This is never going to not look weird.
PED scandal or not, Alex Rodriguez will miss at least the first half of the season after hip surgery. Brian Cashman hinted in a recent interview with WFAN that Rodriguez might not be back all year, but there's no other case in the admittedly small history of this operation where there was that significant a setback. I'd expect Rodriguez to come back much as he did in 2009 after surgery on the other hip, with the qualifiers of age and potential other distractions.
The big plus for Rodriguez is that the hip itself might be to blame for his numbers in 2012. If that's corrected, he could have a surge. If his power numbers go up, no one's going to think it was the hip, however.
Kevin Youkilis comes in to take over 3B in Rodriguez's absence, to spot out Mark Teixeira in the second half and to provide a constant annoyance to Boston fans. Youkilis revived himself somewhat in Chicago last season after Bobby Valentine got way into Youk's head early on.
He's still got some stroke in the bat, but he was never the elite bat that people made him out to be. He's relatively durable and the Yankees are good at spotting people out.
The upside here might be former Youkilis teammate Mike Lowell, who had a bit of a late-career surge.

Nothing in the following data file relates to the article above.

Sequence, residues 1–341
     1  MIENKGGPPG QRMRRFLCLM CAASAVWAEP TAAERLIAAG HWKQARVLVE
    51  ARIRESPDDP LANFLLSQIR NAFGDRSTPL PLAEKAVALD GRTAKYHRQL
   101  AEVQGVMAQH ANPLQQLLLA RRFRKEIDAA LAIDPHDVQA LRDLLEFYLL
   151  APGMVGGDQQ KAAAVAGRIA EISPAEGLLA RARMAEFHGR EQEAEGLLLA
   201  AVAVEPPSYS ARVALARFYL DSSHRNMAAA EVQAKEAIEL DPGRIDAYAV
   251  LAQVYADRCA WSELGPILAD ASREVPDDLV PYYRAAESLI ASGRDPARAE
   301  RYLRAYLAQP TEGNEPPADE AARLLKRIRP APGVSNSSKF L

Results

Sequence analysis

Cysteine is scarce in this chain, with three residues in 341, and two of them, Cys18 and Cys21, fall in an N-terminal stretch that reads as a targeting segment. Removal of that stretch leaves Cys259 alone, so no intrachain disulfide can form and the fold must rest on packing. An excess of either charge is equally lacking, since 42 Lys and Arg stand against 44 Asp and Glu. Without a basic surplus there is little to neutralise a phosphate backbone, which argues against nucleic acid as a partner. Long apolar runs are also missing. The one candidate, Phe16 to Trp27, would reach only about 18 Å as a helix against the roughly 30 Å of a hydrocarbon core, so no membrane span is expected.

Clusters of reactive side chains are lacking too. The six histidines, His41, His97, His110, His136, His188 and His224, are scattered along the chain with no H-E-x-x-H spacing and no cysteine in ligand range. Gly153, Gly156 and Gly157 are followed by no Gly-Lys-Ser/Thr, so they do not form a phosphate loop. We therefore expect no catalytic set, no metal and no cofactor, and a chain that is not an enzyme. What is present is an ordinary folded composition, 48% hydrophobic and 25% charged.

The yellow is mostly on age, but The System doesn't know about the Valentine clubhouse and sees the early-season struggles as sign of injury. Youkilis isn't risk-free, but he could be good value.
This is another yellow that people will question. I'm sure some guy with a Boston accent is saying things that would make his mother blush right now, convinced I'm some Yankee homer who's out to get his beloved Sox.
Instead, I offer up this explanation because Brett Gardner is an object lesson in injury perception.
To anyone who doesn't watch this closely, Gardner missed most of last season with an elbow injury. He tried to come back a couple times, only to have severe setbacks each time he was close. After he finally elected to have surgery, he was able to come back in time to show he was healthy.
Surgery. Healthy. Played.
There's your three keys as to why he's yellow. Gardner came back from surgery and showed he was healthy. Most of his value is in his legs, not his arm, and those are not only healthy, we have to assume now that they're rested. He'll also have a bigger role on the team after Nick Swisher left, but not one that should overtax him.
Gardner is not without risk, but he's not overly risky. His rating lands right in the middle of the yellow, which is where he should be. Seeing him go back up near 50 steals again shouldn't surprise anyone. Shifting to CF would add to the risk slightly.
Curtis Granderson is the kind of player scouts love to talk about. He's athletic, but not too athletic. He's easy but never lazy. He's wiry strong, not "steroid strong," as one old scout I talk with has taken to calling some players.